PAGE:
When I was a little kid, I was inspired by the science fair project of a kid who actually knew science and tried to create something of my own. His project used battery power to light up parts on a plywood board. I used poster board and paper and glue and no understanding at all how to generate the light. My brother laughed at me. I’ve been thinking of that project a lot since starting to read The Boy Who Harnessed the Wind (Young Readers Edition). Everyone called William crazy while he scavenged through the scrapyard and welded pieces of junk together. He, too, was inspired by other scientists, but in his case he knew what to do with the inspiration.
William Kamkwamba made a windmill to generate electricity for his village.
In this story, the kid lives through famine and the disappointment of being kicked out of school for not paying his fees. He works for hours each day on his project, while at the same time reading to learn what needed to be done – reading in English, not his first nor his strongest language, which meant constant translation to really make meaning from the text. If nothing else, this is the story of perseverance.
William was not put into one of the elite schools, his exam sores were too low, so he was not one of those “smart kids” you would expect high achievements from. But he never let that stop him. When he was accepted to the less prestigious school, he excitedly prepared to further his education. When he was sent home for not paying the fees, he started going to the library to read on his own. He didn’t just accept judgement from others to determine his fate. He stepped up.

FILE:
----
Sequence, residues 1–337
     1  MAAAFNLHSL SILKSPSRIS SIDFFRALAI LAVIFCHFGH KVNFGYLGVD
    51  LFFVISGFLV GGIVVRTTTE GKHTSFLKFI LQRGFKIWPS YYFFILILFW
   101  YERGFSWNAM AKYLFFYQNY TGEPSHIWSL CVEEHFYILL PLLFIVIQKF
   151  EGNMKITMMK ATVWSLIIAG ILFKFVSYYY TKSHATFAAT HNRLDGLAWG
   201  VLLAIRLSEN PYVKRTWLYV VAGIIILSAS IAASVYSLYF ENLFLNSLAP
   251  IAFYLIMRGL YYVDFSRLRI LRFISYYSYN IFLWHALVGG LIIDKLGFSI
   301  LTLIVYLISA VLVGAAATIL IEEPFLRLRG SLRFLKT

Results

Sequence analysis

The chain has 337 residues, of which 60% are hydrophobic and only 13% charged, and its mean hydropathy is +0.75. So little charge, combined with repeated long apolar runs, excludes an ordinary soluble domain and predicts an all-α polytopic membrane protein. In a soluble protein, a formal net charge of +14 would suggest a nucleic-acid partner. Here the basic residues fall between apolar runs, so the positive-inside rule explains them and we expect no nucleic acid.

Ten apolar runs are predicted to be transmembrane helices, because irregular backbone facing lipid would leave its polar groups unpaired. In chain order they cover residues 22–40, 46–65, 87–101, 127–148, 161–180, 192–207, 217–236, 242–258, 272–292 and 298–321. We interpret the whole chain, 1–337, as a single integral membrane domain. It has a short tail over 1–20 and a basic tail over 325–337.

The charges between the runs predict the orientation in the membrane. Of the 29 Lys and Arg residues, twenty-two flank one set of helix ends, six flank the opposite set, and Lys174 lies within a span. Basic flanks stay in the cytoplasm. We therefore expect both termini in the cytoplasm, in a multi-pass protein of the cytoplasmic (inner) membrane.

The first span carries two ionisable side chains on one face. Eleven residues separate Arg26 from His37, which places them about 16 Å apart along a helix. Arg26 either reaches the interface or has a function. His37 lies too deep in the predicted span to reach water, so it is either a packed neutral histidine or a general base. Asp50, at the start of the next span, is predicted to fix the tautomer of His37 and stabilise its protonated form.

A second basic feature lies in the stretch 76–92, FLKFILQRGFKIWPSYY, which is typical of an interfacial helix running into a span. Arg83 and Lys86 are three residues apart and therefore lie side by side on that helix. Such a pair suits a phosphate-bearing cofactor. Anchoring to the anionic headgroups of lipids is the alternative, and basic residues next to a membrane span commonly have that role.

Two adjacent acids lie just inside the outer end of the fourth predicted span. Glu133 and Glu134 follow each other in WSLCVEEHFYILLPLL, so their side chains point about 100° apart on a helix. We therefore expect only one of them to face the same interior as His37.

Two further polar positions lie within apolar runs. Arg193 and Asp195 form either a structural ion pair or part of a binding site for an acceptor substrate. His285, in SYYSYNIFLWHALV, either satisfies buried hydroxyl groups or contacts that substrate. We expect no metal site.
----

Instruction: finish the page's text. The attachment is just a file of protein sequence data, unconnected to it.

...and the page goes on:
For teachers, this story is a reminder of the harm of low expectations, and the amazing potential of effort. When I cut my kids some slack because they have a hard life, I limit them. They do have hard lives, with more stress and adversity than I could ever truly understand. But that can’t determine their fate. With effort, with time, with a compassionate environment, with some focus, each one can accomplish what they want to, whatever that is. In my room now I should expect to see future engineers, carpenters, filmmakers, web designers, business owners, parents, teachers, and whatever else strikes their fancy. I need to show I value their passions and help them learn how to work toward them.
I gave up on my cardboard electricity without ever trying to find out how a battery could light it up. The mockery certainly had an effect, but the truth is the science didn’t excite me enough to pursue it. My inspiration would come later, in words, in stories.
I cringe thinking of the time it will take to get to know each student well enough to sort through short lived fascinations and get to the sparks of lifelong passions. What is it about MindCraft that Maddy loves? How can I use her obsession to push her writing or her scientific observations? What will this lead her to and how can I help? And once I figure it out, when in the learning day to I do the same investigative work for the other 43 students I work with?
For today, my inspiration comes from William’s story, from a short meeting with my teammate about our Social Studies curriculum, from how rapt my students were by a video of a dancing robot, and by the thought of becoming a literacy coach and a teacher of teachers. With that end in mind, I have a lot of work to do today.